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Garrett Crochet had never pitched in a minor league baseball game prior to his rehab assignment.
That rehab assignment is over now, and Crochet is back in the majors, where his pro career started during that COVID-impacted 2020 season.
Even making the transition from rookie to sophomore, Crochet was a different pitcher, so the Tommy John surgery that wiped away his 2022 shouldn’t be expected to have returned the eye-popping, triple-digit velocity that made him a relief weapon just a short time after being drafted. But during the White Sox’ division-winning campaign in 2021, Crochet was still plenty effective, ranking in the top four on the team with 54 relief appearances and posting a 2.82 ERA.
Crochet expects to be the same pitcher now, even if deep down he still approaches life as a starter. Those dreams might stay dreams for the time being, with Pedro Grifol planning a slew of possible ways in which to deploy the big left-hander.
“He’s got no restrictions. He’s a part of our bullpen, and we’ll use him for some length and we’ll use him for some leverage and we’ll use him for pockets,” Grifol said Tuesday. “We’ll use him as we see fit to help us win a baseball game.”
So he’s a Swiss Army knife, of sorts?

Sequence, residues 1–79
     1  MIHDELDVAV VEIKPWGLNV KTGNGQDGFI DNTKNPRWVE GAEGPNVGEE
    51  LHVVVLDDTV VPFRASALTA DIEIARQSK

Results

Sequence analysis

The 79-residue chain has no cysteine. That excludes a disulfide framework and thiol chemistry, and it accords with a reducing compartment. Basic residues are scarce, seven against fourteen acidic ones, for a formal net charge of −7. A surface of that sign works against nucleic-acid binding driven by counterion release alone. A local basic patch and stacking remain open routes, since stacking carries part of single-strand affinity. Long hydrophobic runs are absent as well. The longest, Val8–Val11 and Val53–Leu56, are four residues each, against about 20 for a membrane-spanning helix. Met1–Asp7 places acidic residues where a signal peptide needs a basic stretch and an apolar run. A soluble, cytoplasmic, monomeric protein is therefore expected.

“He’s prepared to,” Grifol said. “Where it ends up, we’ll see, but he’s prepared to.”
Chris Sale comps might have flown the night he was drafted, but Crochet could be destined for a career as a bullpen arm, considering he hasn’t consistently started games since the earliest days of his college career at the University of Tennessee. He was limited to only one start during his junior season, with COVID bringing a halt to college athletics. He was immediately thrust into life as a big league reliever with no minor league season going on that summer. And after a full year as a major league bullpen piece, he spent an entire season away while recovering from Tommy John.
But that doesn’t mean he can’t live up to his draft position as a critical member of the White Sox’ pitching staff. The team’s bullpen is in dire need of better production, owners of the second-highest relief ERA in the game, better than only that of the miserable A’s.
Veteran arms Joe Kelly and Kendall Graveman have straightened out after rocky starts to their respective seasons, and Gregory Santos and Keynan Middleton have come out of nowhere to perform well. But José Ruiz and Jake Diekman have already been cut loose. Meanwhile, Jimmy Lambert (6.23), Reynaldo López (7.64) and Aaron Bummer (9.45) have sky-high ERAs.
That Bummer has been the most off track of the active bullpen guys points to the importance of Crochet’s return, giving the relief corps another lefty who can be called on in high-leverage moments.